The trick my team and I use to workaround this problem, makes use of the service Debug flag. If the Debug flag is on, we just start the service by using our own public Start method. When the OnStart event is fired in the service itself, we call the same public Start method.
This goes in your service.
1: protected override void OnStart(string args)
6: public void Start()
And this goes in Program.cs.
1: namespace UdpListener
3: static class Program
5: /// <summary>
6: /// The main entry point for the application.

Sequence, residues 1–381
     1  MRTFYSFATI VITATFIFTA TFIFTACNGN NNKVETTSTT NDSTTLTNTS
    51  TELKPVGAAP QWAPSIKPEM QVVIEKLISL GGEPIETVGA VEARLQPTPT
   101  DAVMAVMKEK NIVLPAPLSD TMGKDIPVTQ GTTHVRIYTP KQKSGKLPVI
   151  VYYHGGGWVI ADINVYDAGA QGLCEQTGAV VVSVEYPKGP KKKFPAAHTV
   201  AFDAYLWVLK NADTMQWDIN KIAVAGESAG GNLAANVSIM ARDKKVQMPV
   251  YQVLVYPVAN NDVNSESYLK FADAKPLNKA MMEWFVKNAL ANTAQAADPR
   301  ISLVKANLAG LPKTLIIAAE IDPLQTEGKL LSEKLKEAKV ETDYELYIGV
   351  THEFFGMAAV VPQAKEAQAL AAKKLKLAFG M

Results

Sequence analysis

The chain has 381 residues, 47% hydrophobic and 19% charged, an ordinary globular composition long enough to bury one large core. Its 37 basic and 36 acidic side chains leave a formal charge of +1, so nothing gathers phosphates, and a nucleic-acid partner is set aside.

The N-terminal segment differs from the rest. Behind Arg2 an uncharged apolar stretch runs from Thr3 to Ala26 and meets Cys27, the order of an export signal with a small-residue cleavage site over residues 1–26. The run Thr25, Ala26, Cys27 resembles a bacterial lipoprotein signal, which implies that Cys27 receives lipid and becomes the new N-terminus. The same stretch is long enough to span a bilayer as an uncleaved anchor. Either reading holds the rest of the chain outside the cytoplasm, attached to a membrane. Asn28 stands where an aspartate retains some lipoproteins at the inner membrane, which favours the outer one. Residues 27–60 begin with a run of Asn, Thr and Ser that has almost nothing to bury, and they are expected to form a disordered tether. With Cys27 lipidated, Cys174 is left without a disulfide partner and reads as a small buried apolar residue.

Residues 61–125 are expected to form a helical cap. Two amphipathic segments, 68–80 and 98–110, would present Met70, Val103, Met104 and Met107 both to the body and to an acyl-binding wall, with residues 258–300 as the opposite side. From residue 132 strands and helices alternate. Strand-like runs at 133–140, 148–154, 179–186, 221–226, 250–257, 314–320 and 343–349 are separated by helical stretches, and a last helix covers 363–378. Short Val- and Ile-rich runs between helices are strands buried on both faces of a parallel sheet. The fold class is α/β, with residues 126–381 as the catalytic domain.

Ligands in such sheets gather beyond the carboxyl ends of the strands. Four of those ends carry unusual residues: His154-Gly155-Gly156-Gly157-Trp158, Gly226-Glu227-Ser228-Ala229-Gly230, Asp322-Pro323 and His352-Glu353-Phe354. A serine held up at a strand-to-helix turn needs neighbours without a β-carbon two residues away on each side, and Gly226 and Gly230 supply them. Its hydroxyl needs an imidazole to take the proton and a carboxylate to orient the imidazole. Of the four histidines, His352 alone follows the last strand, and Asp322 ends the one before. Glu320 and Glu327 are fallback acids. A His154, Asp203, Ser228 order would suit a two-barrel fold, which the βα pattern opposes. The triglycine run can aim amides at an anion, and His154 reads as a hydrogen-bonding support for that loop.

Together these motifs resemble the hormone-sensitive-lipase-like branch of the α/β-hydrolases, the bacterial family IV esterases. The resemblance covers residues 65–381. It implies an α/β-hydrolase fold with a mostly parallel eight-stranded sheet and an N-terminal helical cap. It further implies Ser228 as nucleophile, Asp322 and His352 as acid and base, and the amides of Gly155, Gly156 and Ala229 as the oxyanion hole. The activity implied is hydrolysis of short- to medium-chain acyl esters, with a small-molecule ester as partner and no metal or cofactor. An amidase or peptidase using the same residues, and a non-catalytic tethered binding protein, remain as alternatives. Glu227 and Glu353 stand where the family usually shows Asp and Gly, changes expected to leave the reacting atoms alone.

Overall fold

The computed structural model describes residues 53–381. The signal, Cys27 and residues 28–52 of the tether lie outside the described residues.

7: /// </summary>
8: static void Main()
10: #if (!DEBUG)
11: ServiceBase ServicesToRun;
12: ServicesToRun = new ServiceBase
14: new UdpListener()
18: UdpListener listener = new UdpListener();
You can set the Debug flag of your service in your service properties.
The only problem with this solution is that you can't debug your OnStop event but this hasn't been an issue for us so far.
Other ways to solve this issue can be found here:
- MSDN: How to: Debug Windows Service Applications
- KB824344: How to debug Windows services
- MSDN: How to: Launch the Debugger Automatically